Generate index cards, wiki pages and pdf files from your product backlog spreadsheet – Part 1

Agile, Media wiki, Project management

Henrik Kniberg  has an excellent  Microsoft Excel spreadsheet for tracking Agile/SCRUM product backlogs.

On Windows platforms, there’s even a button to generate  printable story index cards from the backlog items.

However as a Mac (MS office for Mac) user and Linux (OpenOffice/LibreOffice) user I found that the macros simply didn’t work for me, even after a bit of hacking.  OpenOffice’s VBA implementation has some interesting incompatibilities with the Microsoft equivalent – and Microsoft, in their infinite wisdom, have removed the VBA support from MS Excel for Mac  – and so are pushing me firmly towards an OSS solution.

I also faced an additional challenge: As well as index cards, I also the need to generate a readable PDF version of the document (using data read from the spreadsheet) and the ability to generate a mediawiki page (again using data read from the spreadsheet).

I want a solution that will work both on Linux (ubuntu) and Mac OSX  (though the solution I came up with probably ought to work on Windows too).

                /---> index cards
Spreadsheet --->
                \---> mediawiki page
                   \---> PDF document

To achieve the desired functionality and portability, I elected to use my favourite scripting language, python and the  excellent xlrd module for reading Microsoft Excel spreadsheets.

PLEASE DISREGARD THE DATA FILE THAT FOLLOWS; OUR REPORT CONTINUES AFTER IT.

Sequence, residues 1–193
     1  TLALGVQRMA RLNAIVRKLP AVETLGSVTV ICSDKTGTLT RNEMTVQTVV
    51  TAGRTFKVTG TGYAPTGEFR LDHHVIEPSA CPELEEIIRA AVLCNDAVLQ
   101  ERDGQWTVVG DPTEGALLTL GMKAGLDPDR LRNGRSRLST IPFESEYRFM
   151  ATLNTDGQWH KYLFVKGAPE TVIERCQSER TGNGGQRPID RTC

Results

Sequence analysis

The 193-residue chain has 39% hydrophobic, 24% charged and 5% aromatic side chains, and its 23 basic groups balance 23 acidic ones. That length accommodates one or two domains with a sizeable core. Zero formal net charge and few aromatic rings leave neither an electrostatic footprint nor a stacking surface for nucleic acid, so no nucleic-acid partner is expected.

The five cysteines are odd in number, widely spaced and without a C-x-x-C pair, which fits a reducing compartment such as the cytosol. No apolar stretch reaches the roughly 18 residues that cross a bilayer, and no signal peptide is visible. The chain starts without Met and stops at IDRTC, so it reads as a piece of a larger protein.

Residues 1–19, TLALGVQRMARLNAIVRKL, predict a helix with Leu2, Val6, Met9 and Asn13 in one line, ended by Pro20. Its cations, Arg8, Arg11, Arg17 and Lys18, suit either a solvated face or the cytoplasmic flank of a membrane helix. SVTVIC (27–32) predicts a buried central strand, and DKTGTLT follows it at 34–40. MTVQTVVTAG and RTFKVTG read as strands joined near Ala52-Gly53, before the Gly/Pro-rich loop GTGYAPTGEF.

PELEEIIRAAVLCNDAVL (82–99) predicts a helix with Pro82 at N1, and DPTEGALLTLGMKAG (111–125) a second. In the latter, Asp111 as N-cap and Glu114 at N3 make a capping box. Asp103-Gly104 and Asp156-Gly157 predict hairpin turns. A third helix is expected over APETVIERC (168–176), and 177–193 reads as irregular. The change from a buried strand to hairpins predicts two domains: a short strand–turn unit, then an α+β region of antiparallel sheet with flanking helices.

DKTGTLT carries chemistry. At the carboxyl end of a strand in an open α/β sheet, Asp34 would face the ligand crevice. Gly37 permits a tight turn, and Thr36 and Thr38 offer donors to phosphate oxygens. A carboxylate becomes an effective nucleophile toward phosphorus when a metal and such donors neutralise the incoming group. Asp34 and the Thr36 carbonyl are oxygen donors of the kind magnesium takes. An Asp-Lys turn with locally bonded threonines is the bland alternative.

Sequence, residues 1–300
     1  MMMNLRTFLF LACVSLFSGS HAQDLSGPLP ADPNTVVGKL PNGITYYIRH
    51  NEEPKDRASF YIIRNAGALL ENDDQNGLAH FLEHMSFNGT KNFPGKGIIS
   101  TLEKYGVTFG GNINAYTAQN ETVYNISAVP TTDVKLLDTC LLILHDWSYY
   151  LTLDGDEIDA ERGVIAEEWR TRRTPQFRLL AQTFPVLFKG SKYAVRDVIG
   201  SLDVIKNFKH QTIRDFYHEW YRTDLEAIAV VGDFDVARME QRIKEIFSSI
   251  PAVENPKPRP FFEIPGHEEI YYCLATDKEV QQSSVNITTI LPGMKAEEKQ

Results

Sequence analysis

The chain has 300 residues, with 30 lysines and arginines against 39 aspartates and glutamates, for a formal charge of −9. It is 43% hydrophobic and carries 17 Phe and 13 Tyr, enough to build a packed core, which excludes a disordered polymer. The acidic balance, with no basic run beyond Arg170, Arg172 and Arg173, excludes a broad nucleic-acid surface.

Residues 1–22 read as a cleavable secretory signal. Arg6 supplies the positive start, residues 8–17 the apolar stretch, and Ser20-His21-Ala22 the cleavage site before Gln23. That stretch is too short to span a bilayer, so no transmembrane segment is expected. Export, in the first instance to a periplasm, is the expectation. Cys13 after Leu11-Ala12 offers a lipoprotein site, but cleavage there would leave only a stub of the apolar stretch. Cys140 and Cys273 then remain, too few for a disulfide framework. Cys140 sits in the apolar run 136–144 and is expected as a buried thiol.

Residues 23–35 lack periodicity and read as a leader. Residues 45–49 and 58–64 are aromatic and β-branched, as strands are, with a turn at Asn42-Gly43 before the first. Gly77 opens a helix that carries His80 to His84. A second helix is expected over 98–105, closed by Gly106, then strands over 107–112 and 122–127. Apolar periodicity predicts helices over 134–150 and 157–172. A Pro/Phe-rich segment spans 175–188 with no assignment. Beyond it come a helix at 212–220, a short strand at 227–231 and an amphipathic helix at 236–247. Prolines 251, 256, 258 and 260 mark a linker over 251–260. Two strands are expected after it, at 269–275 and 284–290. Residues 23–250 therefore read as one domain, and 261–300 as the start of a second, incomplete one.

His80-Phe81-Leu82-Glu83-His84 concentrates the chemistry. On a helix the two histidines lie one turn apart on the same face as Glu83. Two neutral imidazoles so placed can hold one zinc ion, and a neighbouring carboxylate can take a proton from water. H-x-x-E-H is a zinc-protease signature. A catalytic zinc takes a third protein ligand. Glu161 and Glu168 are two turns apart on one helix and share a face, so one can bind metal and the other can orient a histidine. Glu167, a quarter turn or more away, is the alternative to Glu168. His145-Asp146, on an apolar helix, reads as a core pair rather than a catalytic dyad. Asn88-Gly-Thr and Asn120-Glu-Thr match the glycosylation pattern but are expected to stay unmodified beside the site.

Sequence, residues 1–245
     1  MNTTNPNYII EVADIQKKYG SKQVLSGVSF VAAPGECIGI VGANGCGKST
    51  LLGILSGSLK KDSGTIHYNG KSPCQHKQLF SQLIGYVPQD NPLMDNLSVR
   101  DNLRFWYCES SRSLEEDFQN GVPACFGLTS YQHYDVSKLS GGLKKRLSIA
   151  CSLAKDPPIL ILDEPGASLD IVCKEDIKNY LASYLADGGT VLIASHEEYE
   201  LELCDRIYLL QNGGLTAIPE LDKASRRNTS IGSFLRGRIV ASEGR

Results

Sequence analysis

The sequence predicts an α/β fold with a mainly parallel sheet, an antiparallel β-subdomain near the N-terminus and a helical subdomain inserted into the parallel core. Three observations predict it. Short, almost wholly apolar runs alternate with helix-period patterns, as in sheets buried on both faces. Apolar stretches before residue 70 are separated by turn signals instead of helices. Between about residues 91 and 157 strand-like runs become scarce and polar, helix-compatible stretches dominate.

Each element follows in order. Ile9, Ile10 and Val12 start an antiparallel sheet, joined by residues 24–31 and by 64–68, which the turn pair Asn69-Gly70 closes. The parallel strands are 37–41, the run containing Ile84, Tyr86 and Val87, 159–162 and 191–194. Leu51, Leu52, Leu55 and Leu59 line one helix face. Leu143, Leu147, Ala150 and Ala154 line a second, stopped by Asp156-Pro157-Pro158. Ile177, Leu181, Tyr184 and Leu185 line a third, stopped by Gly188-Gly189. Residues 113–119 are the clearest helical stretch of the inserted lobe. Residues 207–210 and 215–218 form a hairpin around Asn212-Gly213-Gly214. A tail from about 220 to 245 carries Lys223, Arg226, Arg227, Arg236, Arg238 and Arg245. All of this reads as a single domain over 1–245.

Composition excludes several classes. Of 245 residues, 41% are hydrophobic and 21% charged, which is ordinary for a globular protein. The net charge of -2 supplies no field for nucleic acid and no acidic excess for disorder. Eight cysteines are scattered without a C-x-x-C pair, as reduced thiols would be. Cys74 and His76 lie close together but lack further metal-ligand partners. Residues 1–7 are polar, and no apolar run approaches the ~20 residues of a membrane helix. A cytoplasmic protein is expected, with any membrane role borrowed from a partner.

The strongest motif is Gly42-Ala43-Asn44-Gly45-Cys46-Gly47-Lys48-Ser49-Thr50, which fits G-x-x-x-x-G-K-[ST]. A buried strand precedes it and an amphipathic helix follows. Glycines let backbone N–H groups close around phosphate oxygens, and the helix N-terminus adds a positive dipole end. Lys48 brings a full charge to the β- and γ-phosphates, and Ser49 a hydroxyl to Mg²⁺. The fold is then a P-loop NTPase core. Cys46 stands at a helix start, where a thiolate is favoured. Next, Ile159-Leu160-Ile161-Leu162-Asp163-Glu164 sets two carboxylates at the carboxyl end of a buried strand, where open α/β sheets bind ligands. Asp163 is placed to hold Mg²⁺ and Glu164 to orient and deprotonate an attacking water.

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Automatically updating/replacing/editing a mediawiki page from a python script with mwclient – an example

Agile, Media wiki, Project management

Many workplaces have mediawiki wikis – and these are often the information hub for a team or, indeed, the entire organisation.

Rather than generating  a new web page on a different web server to display a semi-regularly updated computer generated report, I thought (perhaps) it could be convenient to have a tool which permitted the easy replacement of a particular page.

I recently undertook to develop such a tool – and, in researching, discovered the excellent mwclient library   – although it _is_ somewhat lacking in examples/documentation.

As luck had it, the reporting tool I was using already generated output in mediawiki markup  on stdout – so all I needed to do was write a tool that could read a page contents from stdin and then upload it to a predefined page on wiki.